Fairy Wrasses: The exquisitus complex

Cirrhilabrus exquisitus is an unusually widespread and variable species which appears to form a lineage alongside the scottorum and cyanopleura groups, with all three sharing characteristically mid-length pelvic fins. Unlike any other species of Cirrhilabrus, the Exquisite Fairy Wrasse has a range which extends from Africa to Japan and the French Polynesia, with readily discernible Read More

Fairy Wrasses: The cyanopleura group

The cyanopleura group is the next collection of fairy wrasses from the second major Cirrhilabrus clade (whose member taxa share the trait of mid-length pelvic fins) and is sister to the scottorum group. In the latter, certain traits that were diagnostic to the members will be more evidently presented in the various species here, suggesting the closeness between the two groups. Read More

Fairy Wrasses: The scottorum group

Moving away from the first major Cirrhilabrus clade, we explore the various species groups that differ by having larger and longer pelvic fins. The scottorum group is a small conglomeration of two confirmed species, one of which is highly polychromatic throughout its range, with the potential of harboring at least one cryptic member liable for Read More

Fairy Wrasses: The bathyphilus group

The bathyphilus group, despite being a very small congregation, is by no means any less interesting or provocative compared to its congeners. In 1997 during the Indo-Pacific Fish Conference held in New Caledonia, five unidentified specimens of Cirrhilabrus were brought to the attention of Dr. John Randall by Michael Kulbicki. Because the specimens were long Read More

Fairy Wrasses: The lanceolatus group

The members of the lanceolatus group are some of the largest and showiest fairy wrasses, collectively celebrated for their grandiose caudal fin and chromatic brilliance. The group spans most of the Indo-Pacific, with its various species occupying a series of non-overlapping biogeographic ranges which fit together like the pieces of a jigsaw puzzle. This puzzle Read More

Fairy Wrasses: The lunatus group

Cirrhilabrus johnsoni was first described in 1988 based on specimens collected in the Marshall and Caroline islands. This small species served as the twentieth member of a rapidly expanding genus, and was decidedly different with a crescent shaped caudal fin adorned with long filamentous extensions. It was only three years later that another species of similar Read More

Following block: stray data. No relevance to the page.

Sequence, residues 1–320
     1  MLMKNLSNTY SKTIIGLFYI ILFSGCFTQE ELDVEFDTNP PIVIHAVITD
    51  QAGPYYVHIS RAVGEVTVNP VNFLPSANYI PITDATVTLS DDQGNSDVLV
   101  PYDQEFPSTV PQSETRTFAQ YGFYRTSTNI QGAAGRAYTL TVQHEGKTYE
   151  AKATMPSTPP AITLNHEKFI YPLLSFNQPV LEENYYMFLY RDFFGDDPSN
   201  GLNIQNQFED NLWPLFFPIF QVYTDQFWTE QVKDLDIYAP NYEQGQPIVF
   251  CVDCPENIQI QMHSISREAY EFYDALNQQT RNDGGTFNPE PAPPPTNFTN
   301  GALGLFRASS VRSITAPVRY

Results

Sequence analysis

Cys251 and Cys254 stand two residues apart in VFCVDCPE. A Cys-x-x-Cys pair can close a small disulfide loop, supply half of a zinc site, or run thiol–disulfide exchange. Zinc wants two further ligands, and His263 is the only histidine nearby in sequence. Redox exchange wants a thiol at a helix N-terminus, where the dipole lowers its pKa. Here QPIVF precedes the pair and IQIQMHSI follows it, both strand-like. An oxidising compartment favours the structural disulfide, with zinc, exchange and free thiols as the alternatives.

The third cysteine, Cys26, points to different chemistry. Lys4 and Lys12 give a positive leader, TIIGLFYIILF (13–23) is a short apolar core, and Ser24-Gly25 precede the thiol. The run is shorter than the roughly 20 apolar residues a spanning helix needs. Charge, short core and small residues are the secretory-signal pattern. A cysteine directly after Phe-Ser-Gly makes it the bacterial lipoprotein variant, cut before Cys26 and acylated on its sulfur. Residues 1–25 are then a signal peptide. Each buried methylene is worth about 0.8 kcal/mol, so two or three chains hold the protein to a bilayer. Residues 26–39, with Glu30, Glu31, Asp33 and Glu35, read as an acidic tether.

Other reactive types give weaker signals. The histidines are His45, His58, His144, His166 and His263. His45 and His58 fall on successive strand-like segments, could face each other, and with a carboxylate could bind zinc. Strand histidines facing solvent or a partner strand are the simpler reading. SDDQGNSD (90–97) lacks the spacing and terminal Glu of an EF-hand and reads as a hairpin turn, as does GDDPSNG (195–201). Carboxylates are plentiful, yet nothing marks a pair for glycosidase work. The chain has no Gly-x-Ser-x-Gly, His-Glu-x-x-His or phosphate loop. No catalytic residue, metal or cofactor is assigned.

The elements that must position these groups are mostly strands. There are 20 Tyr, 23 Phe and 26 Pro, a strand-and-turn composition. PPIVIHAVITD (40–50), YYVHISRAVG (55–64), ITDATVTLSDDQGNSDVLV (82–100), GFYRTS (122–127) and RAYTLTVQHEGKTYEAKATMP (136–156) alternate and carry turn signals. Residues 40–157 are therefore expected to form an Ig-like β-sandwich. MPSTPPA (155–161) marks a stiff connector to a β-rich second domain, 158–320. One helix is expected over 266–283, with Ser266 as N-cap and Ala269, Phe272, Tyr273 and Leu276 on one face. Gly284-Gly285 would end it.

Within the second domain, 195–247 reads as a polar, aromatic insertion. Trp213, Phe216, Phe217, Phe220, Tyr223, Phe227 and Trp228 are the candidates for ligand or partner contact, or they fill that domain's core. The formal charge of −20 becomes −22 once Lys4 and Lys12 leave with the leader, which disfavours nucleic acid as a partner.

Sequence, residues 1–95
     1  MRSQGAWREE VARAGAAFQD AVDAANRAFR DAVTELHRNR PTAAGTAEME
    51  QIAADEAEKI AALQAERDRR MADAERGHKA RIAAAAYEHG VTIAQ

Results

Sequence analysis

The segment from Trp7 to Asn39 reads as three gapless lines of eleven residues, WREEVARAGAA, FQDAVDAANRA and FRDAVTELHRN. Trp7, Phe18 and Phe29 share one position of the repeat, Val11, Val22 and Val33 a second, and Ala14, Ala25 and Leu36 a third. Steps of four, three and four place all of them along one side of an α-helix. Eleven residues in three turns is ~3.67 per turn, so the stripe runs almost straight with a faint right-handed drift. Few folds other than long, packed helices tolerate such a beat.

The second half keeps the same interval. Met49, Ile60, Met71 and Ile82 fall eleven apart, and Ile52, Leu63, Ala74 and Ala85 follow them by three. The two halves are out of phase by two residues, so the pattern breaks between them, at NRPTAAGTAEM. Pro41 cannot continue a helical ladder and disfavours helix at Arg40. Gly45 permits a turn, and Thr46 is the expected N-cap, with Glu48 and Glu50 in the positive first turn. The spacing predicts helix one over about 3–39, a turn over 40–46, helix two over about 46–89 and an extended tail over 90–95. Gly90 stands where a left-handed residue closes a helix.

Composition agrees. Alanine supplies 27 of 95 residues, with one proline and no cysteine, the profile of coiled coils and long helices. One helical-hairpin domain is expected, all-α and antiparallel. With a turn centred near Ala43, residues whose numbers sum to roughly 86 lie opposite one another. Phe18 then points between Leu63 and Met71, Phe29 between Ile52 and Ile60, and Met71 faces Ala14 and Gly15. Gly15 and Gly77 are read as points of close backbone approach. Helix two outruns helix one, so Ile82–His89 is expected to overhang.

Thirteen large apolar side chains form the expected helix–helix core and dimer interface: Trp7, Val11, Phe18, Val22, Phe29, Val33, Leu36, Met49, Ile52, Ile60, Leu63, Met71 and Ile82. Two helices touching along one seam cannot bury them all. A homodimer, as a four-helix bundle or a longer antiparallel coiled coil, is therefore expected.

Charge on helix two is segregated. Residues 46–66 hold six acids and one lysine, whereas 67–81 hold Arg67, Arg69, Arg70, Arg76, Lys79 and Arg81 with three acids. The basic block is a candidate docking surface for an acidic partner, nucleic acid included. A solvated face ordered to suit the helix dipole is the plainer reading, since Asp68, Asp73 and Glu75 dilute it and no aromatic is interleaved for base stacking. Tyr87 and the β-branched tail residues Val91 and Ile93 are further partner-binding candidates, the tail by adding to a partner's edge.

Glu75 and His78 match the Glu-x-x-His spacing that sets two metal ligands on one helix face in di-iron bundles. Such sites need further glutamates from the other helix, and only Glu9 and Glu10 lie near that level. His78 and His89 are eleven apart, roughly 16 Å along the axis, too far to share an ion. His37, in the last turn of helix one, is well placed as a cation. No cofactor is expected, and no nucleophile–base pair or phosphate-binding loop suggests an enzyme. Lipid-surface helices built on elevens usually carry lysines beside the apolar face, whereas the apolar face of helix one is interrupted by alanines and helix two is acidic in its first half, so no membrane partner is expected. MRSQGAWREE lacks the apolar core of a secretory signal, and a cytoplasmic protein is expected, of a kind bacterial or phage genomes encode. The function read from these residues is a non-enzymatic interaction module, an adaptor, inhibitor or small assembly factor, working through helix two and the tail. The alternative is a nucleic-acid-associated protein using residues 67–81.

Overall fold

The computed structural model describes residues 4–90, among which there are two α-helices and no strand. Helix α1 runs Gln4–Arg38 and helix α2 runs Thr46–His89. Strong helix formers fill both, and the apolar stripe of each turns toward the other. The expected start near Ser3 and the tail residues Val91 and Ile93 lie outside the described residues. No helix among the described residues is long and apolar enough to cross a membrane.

Fairy Wrasses: A review of the genus Cirrhilabrus

Fairy wrasses are some of the most ubiquitous fishes in the marine aquarium trade, which is why it may come as a surprise to learn that the group has never received a serious taxonomic review. The scientific literature is filled with scattered species descriptions, but there is typically nothing more than a cursory sentence suggesting Read More

Marine Technical Concepts MVX protein skimmer review

Marine Technical Concepts has been around for decades over which time they’ve become known for solid product design and build quality. They may not be the best known manufacturer in the hobby but they should be right at the top of your list if you care about performance and reliability. After using various calcium reactors for

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Review of the DoS Fluid Metering System by Neptune Systems

Historically speaking, the real big advancements in the aquarium hobby have always been in step with the development of new and better ways to move water. In the early 1900s, air driven aquarium devices radically changed the way we keep aquariums. Ensuing decades saw rapid gains in water movement technology first by pumps with external motors a-la

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Kessil A160we LED spotlight review: the best gets even better

When it comes to LED spotlights for our aquariums, there’s basically Kessil, and everybody else. Where nearly all other manufacturers have focused their efforts on building essentially the same tablet-shaped fixture with varying colors and intensities of diodes and a laundry list of features, Kessil has been steadfast in perfecting the LED aquarium spotlight. Nowhere

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